On May 1, 2021, President Félix Tshisekedi announced “état de siège” (martial law in practice) in Ituri and North Kivu, two eastern provinces of the Democratic Republic of the Congo (DRC).
Since then, the Congolese army, Ugandan forces and the UN’s largest peacekeeping mission, MONUSCO, have all played their part in a major push against the myriad armed groups in the region.
The état de siège was prolonged no less than 22 times. But the violence continues to worsen: kidnappings have more than doubled and property destruction has tripled in the past year, according to the Kivu Security Tracker project coordinated by Human Rights Watch.
Green and rich in minerals, this part of the Congo has been plagued by conflict for decades. By some estimates, the Democratic Republic of the Congo has seen the world’s deadliest conflict since World War II. More than five million people remain displaced. Elections scheduled for 2023 could further escalate the violence.
All of the DRC’s eastern neighbors have security interests and are much closer to the conflict than the DRC’s capital, Kinshasa. Uganda, for example, is interested in securing the route of a pipeline intended to export its rich landlocked oil reserves. The Allied Democratic Forces (ADF), a particularly vicious armed group, has links to ISIL (ISIS) and similar groups in northern Mozambique, raising fears of a broader arc of instability. So East African leaders are fine-tuning their military strategy.
A summit chaired by Kenyan President Uhuru Kenyatta on April 21 agreed to deploy a new regional force in eastern DRC, giving armed groups an ultimatum to engage in dialogue or face the consequences. But another military surge risks another failure. If the tide is to be turned from conflict to peace, three larger changes are needed.
The first begins in Kinshasa. Leaders of the faraway capital have long fought for the presence and authority of the Congolese state to be felt in the east. They urgently need it. Building stronger civil institutions is crucial. So is a more serious push to reform the DRC’s corrupt security forces.
Analysts suggest that of every three Congolese soldiers supposedly deployed in the east, only one is fighting: of the other two, one is fictitious (his salary is used to line the pockets of officers) and another deployed to protect a mine, securing army security. income from the mineral wealth of the DRC.
There is little chance that the DRC’s security forces will win the fight or the public’s trust as long as this continues. Kinshasa must also deliver on long-promised plans to provide eastern armed groups with incentives to disarm, demobilize and productively reintegrate into their communities.
The second big change would see the region’s leaders address the underlying factors that keep the east of the DRC in conflict. The recent accession of the Democratic Republic of the Congo to the East African Community could open up new economic opportunities, but action is needed to reduce the risks of a flood of cheap imports and the exit of local businesses to more favorable environments.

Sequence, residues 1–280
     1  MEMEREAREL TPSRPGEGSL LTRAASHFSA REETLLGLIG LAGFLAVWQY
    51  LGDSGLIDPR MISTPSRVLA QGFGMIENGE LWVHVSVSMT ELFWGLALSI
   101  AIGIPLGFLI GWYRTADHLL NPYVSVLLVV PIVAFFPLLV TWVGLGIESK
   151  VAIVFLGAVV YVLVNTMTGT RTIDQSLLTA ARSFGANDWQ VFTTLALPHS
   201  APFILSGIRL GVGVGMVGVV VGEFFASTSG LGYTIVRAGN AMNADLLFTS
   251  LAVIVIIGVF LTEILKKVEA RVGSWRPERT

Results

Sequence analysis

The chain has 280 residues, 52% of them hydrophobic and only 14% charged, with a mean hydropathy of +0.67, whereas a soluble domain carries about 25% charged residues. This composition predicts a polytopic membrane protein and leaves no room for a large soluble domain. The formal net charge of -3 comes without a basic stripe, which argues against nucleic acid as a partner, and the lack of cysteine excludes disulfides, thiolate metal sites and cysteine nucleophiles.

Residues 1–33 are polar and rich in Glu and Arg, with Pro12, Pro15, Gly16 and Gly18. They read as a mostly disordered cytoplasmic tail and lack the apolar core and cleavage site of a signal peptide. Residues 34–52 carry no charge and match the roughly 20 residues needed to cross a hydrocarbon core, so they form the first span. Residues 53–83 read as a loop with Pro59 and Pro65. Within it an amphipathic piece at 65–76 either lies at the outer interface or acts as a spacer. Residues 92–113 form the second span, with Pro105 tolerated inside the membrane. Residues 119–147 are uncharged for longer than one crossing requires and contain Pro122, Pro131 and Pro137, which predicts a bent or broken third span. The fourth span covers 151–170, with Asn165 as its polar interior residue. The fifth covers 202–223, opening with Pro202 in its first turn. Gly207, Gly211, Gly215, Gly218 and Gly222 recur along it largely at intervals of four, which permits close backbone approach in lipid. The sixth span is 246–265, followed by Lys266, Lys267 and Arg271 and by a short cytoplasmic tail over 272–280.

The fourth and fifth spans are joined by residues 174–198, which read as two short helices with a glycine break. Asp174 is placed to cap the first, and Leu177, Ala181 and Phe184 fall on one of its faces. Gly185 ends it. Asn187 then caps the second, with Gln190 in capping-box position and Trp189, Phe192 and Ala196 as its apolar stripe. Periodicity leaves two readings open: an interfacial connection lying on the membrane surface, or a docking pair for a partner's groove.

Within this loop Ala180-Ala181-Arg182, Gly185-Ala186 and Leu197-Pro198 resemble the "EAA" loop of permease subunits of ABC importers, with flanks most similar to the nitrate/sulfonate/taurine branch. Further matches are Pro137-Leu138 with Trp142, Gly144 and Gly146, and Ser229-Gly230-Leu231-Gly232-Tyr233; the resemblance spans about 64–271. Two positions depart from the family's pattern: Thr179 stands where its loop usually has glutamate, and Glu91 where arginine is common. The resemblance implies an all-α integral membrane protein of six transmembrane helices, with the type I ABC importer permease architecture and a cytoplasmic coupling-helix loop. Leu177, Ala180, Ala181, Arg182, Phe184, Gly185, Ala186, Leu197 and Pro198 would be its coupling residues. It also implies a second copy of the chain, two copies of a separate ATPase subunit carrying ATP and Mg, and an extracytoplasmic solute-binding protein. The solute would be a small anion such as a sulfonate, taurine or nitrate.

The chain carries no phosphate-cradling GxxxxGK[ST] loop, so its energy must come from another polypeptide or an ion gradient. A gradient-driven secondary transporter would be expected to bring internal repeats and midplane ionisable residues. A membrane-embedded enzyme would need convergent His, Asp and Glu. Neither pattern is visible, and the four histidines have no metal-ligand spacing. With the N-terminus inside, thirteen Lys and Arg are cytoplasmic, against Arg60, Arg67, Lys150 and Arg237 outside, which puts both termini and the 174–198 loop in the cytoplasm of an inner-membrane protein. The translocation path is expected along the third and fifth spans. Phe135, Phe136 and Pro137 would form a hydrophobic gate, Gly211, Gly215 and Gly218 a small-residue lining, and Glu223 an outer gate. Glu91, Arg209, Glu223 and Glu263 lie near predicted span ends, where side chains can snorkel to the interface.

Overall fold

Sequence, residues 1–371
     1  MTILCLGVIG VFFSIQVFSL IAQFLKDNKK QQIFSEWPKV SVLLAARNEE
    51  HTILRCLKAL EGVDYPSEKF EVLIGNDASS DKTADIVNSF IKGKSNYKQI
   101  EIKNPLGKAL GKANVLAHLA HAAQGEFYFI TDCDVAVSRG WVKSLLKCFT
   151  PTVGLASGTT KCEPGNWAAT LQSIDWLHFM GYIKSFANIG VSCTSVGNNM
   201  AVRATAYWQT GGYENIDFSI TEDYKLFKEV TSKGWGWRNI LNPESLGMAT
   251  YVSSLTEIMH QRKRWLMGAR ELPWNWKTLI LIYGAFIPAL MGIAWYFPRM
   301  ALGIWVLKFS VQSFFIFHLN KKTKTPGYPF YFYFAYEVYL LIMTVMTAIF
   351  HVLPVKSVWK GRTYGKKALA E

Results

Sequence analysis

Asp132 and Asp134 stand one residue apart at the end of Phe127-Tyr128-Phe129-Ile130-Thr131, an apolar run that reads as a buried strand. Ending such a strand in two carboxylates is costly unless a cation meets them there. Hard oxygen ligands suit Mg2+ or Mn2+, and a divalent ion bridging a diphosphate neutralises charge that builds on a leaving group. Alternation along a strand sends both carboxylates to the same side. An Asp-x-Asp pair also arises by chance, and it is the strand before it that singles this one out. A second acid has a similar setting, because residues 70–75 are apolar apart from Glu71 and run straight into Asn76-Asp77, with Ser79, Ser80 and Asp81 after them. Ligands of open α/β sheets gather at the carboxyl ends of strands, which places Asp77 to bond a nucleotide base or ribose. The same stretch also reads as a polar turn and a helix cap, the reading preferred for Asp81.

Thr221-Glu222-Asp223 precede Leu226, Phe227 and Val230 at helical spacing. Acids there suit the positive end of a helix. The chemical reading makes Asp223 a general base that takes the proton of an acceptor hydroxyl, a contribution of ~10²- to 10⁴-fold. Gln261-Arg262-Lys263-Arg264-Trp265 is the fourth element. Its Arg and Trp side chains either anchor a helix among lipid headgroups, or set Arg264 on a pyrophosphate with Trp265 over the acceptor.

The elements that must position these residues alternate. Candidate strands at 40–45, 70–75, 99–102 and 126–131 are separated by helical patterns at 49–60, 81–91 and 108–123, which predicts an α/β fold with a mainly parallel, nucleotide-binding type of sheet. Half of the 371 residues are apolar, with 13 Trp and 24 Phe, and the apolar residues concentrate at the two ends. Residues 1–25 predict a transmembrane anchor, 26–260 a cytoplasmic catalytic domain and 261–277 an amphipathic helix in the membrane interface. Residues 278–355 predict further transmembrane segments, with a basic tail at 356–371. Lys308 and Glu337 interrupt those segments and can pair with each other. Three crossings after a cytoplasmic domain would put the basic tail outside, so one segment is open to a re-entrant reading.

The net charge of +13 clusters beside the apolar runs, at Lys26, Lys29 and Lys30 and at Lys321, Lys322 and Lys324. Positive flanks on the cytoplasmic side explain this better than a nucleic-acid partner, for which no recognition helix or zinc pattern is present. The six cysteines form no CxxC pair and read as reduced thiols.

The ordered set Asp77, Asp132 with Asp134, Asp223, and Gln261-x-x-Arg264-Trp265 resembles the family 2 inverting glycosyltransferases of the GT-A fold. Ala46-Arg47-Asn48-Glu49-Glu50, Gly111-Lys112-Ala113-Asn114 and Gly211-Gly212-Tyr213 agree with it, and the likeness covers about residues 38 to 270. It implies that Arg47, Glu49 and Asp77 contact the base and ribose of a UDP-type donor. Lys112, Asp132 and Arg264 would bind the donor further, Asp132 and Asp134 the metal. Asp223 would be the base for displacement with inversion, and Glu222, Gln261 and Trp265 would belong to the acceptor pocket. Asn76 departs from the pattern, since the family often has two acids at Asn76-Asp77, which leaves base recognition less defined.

Most importantly, however, the DRC’s neighbors must stop relying on the shadow mining economy. The estimated 1,000 artisanal gold mines in the east probably produce 8 to 10 tons of the precious metal each year, but only two percent of that is legally exported from the Democratic Republic of Congo itself, according to the United Nations. Much of the rest is smuggled across borders and sold there, increasing the tax revenues of neighbors and the wealth of well-placed smugglers. Therefore, the necessary actions to legalize and regularize this trade will have a cost. But the cost of the conflict financed by illegal and shadow mining is much higher. Both the European Union and the US have implemented conflict mining regulations, and the Dutch government is supporting work to certify that artisanal mines in eastern DRC comply so that they can benefit from free and legal exports. of conflicts. The many international companies whose mineral supply chains trace back to the Democratic Republic of the Congo must also step forward.
The third and most important change in eastern DRC must be from military force to community peacebuilding. Relations between the communities and armies involved in the état de siège are beginning to sour as promised security fails to materialize. Members of parliament from Ituri and North Kivu walked out of the chamber last month rather than support further extension of the état de siège.
Military action moves the problem elsewhere, as armed groups simply move into new areas. It doesn’t solve it. But Congolese peacebuilders have shown that courageous and patient work on underlying problems, often village by village, can change the context. Communities have come together to implement local security plans, financed by their mining income. Engaging youth in serious dialogue within communities has caused recruits to turn away from armed groups and hand over their weapons.
The restoration of traditional leadership structures has given communities a point to rally around, and has seen business and economic opportunities return. It would be foolish to pretend that the solutions to the violence in eastern DRC are easy. Spend time talking to the people and communities most affected by the conflict, as I have been doing this year, and that becomes clear quickly. But after a year of état de siège, and with little end in sight, it is surely time to start hearing your answers about what could finally build peace and security in the region.
The views expressed in this article are those of the author and do not necessarily reflect the editorial position of Al Jazeera.